The epistolary novel : representation of consciousness / Joe Bray.
By: Bray, Joe.Material type: TextSeries: Routledge studies in eighteenth-century literature: 1.Publisher: London ; New York : Routledge, 2003Description: 153 p. ; 25 cm.ISBN: 0415306108 (alk. paper); 9780415306102 (alk. paper).Subject(s): Epistolary fiction, English -- History and criticism | English fiction -- 18th century -- History and criticism | Consciousness in literatureDDC classification: 823/.509 Other classification: 18.05
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|Book||University of Texas At Tyler Stacks - 3rd Floor||PR858 .E65 B73 2003 (Browse shelf)||Available||0000001702323|
Includes bibliographical references and index.
"The epistolary novel is a form which has been neglected in most accounts of the stylistic development of the novel. This book argues that the way that the eighteenth-century epistolary novel represented consciousness had a significant influence on the later novel." "The letters studied here reveal complex tensions within the divided minds of their writers. The close stylistic analysis presented in this study suggests that the epistolary novel can probe individual psychology in sophisticated depth." "Critics have drawn a distinction between the self at the time of writing and the self at the time at which events or emotions were experienced. This book demonstrates that the tensions within consciousness are the result of a continual interaction between the two selves of the letter-writer. It charts the oscillation between these two selves in the epistolary novels of, amongst others, Aphra Behn, Eliza Haywood, Samuel Richardson, Fanny Burney and Charlotte Smith. The final chapter analyses the subtle way in which Jane Austen represents the consciousness of her characters and argues that, like many later novelists, Austen is indebted to the psychological tension and inner conflict which are characteristic of the epistolary novel."--BOOK JACKET.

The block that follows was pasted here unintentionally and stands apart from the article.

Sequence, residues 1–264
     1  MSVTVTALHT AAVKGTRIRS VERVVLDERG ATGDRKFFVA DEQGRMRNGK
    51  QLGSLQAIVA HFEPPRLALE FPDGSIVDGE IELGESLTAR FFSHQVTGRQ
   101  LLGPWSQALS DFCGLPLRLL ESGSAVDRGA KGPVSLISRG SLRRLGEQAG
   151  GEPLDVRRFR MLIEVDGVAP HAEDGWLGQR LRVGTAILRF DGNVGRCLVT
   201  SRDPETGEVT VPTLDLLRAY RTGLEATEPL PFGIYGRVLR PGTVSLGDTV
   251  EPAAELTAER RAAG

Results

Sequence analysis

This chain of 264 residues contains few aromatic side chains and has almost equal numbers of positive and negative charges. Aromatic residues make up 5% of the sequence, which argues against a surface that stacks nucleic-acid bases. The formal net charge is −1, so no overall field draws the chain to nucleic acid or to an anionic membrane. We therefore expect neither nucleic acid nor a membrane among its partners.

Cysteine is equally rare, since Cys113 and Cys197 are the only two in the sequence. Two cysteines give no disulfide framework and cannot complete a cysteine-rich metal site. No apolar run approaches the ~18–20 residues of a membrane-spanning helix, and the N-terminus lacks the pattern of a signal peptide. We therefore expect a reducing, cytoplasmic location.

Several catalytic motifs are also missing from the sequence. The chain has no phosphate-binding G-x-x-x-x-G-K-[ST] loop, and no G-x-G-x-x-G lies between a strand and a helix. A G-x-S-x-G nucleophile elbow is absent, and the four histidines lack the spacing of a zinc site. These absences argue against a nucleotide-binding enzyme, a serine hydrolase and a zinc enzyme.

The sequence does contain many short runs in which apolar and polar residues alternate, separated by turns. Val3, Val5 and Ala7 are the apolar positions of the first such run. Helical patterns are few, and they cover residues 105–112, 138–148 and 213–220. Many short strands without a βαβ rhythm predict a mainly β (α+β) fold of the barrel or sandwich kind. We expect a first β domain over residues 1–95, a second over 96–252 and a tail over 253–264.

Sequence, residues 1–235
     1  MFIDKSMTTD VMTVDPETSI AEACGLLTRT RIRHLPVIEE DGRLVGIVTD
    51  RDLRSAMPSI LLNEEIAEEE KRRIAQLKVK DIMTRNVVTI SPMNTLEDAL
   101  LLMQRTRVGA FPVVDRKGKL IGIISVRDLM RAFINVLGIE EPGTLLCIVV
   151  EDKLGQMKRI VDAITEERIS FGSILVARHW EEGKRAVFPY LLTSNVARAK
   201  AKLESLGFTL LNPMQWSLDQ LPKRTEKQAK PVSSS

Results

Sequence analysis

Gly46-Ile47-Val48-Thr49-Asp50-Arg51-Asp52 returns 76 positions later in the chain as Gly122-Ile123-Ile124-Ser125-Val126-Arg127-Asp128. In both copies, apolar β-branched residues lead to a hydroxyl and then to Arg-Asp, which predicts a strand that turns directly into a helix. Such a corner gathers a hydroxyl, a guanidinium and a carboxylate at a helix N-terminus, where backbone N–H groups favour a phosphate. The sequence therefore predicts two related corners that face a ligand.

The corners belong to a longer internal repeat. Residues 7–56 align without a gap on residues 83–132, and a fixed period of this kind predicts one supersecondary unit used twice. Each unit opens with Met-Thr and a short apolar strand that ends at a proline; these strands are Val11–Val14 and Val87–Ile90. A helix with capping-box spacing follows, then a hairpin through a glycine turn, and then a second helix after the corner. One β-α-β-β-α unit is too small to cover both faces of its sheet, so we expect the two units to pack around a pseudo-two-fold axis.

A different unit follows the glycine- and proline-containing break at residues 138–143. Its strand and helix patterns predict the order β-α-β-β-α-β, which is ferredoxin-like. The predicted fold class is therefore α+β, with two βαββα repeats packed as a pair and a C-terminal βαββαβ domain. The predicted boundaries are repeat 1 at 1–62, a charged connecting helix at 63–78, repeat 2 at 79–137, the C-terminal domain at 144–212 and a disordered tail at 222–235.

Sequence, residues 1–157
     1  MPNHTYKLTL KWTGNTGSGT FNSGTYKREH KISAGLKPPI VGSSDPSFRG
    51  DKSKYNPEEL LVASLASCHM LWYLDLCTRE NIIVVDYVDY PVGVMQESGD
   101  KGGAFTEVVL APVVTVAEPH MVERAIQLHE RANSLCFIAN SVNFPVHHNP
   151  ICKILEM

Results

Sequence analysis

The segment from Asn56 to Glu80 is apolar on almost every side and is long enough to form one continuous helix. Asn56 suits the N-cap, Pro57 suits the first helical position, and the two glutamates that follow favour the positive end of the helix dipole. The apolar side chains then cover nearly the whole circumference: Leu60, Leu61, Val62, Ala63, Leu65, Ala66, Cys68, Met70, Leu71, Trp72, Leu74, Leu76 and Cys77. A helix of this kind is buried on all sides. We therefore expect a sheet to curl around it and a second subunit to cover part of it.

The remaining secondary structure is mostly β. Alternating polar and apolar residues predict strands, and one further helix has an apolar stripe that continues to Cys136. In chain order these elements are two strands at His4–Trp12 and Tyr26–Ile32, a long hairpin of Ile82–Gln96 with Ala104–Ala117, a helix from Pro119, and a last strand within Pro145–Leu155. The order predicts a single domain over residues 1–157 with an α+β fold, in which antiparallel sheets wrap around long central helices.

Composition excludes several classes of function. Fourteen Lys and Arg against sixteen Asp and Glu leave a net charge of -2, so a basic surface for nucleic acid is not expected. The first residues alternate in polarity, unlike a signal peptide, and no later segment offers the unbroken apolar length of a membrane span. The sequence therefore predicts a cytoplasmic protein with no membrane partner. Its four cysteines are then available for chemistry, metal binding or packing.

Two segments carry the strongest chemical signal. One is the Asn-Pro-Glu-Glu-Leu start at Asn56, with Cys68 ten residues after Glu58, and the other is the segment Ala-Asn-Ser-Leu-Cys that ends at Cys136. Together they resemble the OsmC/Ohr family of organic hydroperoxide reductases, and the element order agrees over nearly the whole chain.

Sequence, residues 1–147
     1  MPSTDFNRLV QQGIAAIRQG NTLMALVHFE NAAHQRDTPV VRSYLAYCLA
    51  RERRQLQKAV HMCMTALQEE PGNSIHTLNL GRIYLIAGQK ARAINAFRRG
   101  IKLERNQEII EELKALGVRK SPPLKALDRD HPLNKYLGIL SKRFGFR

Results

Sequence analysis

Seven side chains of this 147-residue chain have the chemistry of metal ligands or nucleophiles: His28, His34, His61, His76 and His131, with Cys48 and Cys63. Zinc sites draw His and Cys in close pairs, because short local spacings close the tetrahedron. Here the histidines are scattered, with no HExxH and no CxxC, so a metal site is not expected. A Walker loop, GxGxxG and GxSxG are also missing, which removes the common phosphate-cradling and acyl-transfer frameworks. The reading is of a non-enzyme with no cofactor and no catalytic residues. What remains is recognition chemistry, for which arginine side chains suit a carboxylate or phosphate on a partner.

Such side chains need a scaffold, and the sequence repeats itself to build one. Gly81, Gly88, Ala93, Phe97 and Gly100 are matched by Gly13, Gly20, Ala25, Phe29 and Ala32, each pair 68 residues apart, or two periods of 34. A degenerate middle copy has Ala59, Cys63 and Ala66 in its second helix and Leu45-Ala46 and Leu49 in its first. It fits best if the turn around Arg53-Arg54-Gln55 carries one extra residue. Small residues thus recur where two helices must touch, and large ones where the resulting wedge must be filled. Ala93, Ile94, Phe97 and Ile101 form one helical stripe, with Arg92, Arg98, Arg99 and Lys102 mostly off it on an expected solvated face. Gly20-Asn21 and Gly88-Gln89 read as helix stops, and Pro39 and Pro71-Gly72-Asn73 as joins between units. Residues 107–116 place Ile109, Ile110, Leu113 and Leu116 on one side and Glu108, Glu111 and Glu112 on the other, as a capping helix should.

1. Introduction: consciousness, the novel and the letter -- 2. Sex and politics: the epistolary novel before 1740 -- 3. Reserve and memory: Richardson and the experiencing self -- 4. Sentiment and sensibility: the late eighteenth-century letter -- 5. From first to third: Austen and epistolary style -- 6. Postscript: the case of Herzog.